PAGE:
• 英文を日本語訳して下さい。

    Joffre used the railways which had transported French troops to the German frontier to move troops back from Lorraine and Alsace to form a new Sixth Army under General Michel-Joseph Maunoury with nine divisions and two cavalry divisions. By 10 September twenty divisions and three cavalry divisions had been moved west from the German border to the French centre and left and the balance of force between the German 1st–3rd armies and the Third, Fourth, Ninth, Fifth armies, the BEF and Sixth Army had changed to 44:56 divisions. Late on 4 September Joffre ordered the Sixth Army to attack eastwards over the Ourcq towards Château Thierry as the BEF advanced towards Montmirail and the Fifth Army attacked northwards, with its right flank protected by the Ninth Army along the St. Gond marshes. The French First–Fourth armies to the east were to resist the attacks of the German 5th–7th armies between Verdun and Toul and repulse an enveloping attack on the defences south of Nancy from the north. The 6th and 7th armies were reinforced by heavy artillery from Metz and attacked again on 4 September along the Moselle.

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  • mahop
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Google翻訳で読み込んだら 『8月にドイツ人が行ったイニシアチブは、右脇への部隊の移動がすべて断片的だったため回復しませんでした。モージュージュの包囲戦が終了するまで(8月24日 - 9月7日)、トリーアからリエージュ、ブリュッセル、バレンシエンヌ、そしてカンブレーまでの1本線のみが利用可能で、第6軍はドイツ軍に補給するために使用されました。反対方向に移動し、軍隊を1日40列車に制限し、軍団の移動に4日かかった。無線傍受によるドイツ軍の移動に関する情報により、フランス軍はドイツ軍の移動を未然に防ぐことができたが、ドイツ軍はスパイからの報告に頼らざるを得なかった。フランス軍は、ドイツ軍司令官が矛盾する計画をたどったため、より慎重な歩兵戦術を採用し、死傷者の削減と中央集権の指揮をとった。フランス軍は迅速な決定的な結果を得る必要はなく、ドイツ軍の打撃を受けてフランス軍を保護することに集中することができた。 LaBasséeの戦いは1914年10月にフランス北部でドイツ軍とフランス - イギリス軍によって戦われました。イギリス軍が町を確保することができる前にドイツの第6軍はリールを取りました、そして、第4軍はYpresでさらに北に露出されたイギリスの側面を攻撃しました。イギリス軍は後退し、ドイツ軍がラ・バセとヌーヴェ・シャペルを占領した。 10月15日頃、イギリス軍はGivenchy-lès-la-Basséeを奪還しましたが、LaBasséeの回復には失敗しました。 インド軍の一部であるラホール師団が到着するまで、ドイツ軍の増援が到着し、イニシアチブを取り戻しました。イギリスは11月上旬までドイツの攻撃を撃退しました。その後、双方はイープルの第一次戦闘に資源を集中しました。 LaBasséeでの戦いは現地での活動に絞られました。 1915年1月下旬から2月上旬にかけて、ドイツとイギリスの部隊は、フロント・ラインを少し変えたまま、Givenchy-lès-la-BasséeとLaBassée運河のすぐ南で起こったCuinchyのAffairsで襲撃と地域攻撃を行いました。 9月17日から10月17日まで、両親は対戦相手の北の側面を回そうとしました。 Joffreは9月2日から9日にフランス東部から移動することによってフランス第六軍の北に移動するようにフランス第二軍に命令し、Falkenhaynは9月17日にドイツとフランスの国境から北の側面に移動するようにドイツ第六軍に命令した。翌日、フランスのエーヌ北部への攻撃により、ファルケンハインは第6軍にフランスを撃退し、側面を確保するよう命じました。』 だそうです。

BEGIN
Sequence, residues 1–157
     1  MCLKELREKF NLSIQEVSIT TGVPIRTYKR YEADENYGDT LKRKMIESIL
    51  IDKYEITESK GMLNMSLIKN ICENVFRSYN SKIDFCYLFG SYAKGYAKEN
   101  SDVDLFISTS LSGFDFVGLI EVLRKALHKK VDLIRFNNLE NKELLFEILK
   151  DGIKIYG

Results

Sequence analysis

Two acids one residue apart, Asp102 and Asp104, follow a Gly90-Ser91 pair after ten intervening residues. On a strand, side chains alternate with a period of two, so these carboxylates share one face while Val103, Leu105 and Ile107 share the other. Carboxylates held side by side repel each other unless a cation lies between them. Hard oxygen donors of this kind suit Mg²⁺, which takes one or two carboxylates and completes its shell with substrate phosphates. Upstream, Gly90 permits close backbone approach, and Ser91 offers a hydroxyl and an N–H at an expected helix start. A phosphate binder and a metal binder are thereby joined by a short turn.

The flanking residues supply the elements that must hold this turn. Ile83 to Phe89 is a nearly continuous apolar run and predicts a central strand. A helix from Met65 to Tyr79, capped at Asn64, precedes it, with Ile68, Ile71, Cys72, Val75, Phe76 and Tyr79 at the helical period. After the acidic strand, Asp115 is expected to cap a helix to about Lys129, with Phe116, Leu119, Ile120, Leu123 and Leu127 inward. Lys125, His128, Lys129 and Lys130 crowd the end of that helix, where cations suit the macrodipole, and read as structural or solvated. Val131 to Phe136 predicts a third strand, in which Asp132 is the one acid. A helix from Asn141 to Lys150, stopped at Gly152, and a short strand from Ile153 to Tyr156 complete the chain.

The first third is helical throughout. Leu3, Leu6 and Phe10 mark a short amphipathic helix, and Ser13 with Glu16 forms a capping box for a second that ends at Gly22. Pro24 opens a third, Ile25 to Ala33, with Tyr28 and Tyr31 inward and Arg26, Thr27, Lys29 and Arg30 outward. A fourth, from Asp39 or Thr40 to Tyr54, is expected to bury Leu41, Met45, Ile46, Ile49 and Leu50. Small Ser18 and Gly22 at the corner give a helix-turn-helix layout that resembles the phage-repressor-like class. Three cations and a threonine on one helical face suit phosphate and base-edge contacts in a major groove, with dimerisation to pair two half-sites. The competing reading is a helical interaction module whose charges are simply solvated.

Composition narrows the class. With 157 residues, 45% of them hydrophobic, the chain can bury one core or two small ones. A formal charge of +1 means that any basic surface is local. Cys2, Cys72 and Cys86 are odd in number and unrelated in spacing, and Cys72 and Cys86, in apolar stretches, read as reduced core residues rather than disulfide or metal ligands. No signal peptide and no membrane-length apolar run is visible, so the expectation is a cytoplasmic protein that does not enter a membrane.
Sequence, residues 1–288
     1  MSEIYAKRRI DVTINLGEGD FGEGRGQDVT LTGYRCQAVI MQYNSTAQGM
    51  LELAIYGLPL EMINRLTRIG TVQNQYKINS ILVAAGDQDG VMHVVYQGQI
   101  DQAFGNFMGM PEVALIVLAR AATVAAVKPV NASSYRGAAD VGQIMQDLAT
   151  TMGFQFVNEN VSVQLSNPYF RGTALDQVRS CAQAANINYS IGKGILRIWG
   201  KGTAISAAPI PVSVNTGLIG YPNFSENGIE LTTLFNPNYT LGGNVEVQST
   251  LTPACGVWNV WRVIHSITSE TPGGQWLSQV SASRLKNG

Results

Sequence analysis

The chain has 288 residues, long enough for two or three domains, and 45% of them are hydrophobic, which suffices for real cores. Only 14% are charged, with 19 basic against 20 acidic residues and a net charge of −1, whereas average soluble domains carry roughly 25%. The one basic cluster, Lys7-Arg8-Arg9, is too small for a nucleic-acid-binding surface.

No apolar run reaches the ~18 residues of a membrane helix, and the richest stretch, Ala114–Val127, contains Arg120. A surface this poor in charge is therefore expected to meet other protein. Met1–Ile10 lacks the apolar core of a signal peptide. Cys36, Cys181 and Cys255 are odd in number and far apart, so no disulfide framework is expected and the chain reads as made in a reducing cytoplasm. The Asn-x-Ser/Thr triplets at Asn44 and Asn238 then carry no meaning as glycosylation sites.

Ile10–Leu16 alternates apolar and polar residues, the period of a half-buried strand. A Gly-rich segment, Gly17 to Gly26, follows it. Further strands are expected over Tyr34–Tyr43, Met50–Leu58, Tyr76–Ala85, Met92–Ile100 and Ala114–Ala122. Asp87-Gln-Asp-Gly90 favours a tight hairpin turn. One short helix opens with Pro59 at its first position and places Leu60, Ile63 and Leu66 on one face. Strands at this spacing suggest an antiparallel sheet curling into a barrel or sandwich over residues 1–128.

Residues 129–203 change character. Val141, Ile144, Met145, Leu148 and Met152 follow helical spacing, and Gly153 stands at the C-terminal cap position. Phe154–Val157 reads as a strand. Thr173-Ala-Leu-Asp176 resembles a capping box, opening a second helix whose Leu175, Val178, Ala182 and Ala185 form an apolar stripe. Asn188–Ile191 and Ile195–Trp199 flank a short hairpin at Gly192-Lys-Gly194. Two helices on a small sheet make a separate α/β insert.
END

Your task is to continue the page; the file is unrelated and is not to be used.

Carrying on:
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  • 英文を訳して下さい。

    From 17 September – 17 October 1914, the belligerents had made reciprocal attempts to turn the northern flank of their opponent. Joffre ordered the French Second Army to move to the north of the French Sixth Army, by moving from eastern France from 2–9 September and Falkenhayn ordered the German 6th Army to move from the German-French border to the northern flank on 17 September. By the next day French attacks north of the Aisne, led to Falkenhayn ordering the 6th Army to repulse French forces to secure the flank. When the French Second Army advanced, it met a German attack rather than an open flank on 24 September and by 29 September, the Second Army had been reinforced to eight corps but was still opposed by German forces near Lille, rather than advancing around the German northern flank. The German 6th Army had also found that on arrival in the north, that it was forced to oppose the French attack, rather than advance around the flank; the secondary objective of protecting the northern flank of the German armies in France had become the main task. By 6 October, the French needed British reinforcements to withstand German attacks around Lille. The BEF had begun to move from the Aisne to Flanders on 5 October and with reinforcements from England, assembled on the left flank of the Tenth Army, which had been formed from the left flank units of the Second Army on 4 October. In October 1914 French and British artillery commanders met to discuss means for supporting infantry attacks, the British practice having been to keep the artillery silent until targets were identified, the French artillery fired a rafale, which ceased as the infantry began the assault. A moving barrage of fire was proposed as a combination of both methods and became a standard practice, when guns and ammunition were accumulated in sufficient quantity. Falkenhayn issued memoranda on 7 and 25 January 1915, defining a model of defensive warfare to be used on the Western Front, to enable ground to be held with the fewest possible troops. By reducing demand for manpower in the west, a larger number of divisions could be sent to the Eastern Front. The front line was to be fortified, to enable its defence with small numbers of troops indefinitely; areas captured were to be recovered by counter-attacks. A second trench was to be dug behind the front line, to shelter the trench garrison and to have easy access to the front line, through covered communication trenches. Should counter-attacks fail to recover the front trench, a rearward line was to be connected to the remaining parts of the front line, limiting the loss of ground to a bend (Ausbeulung) in the line, rather than a breakthrough. The building of the new defences took until the autumn of 1915 and confronted Franco-British offensives with an evolving system of field fortifications, which was able to absorb the increasing power and sophistication of attempted breakthrough attacks.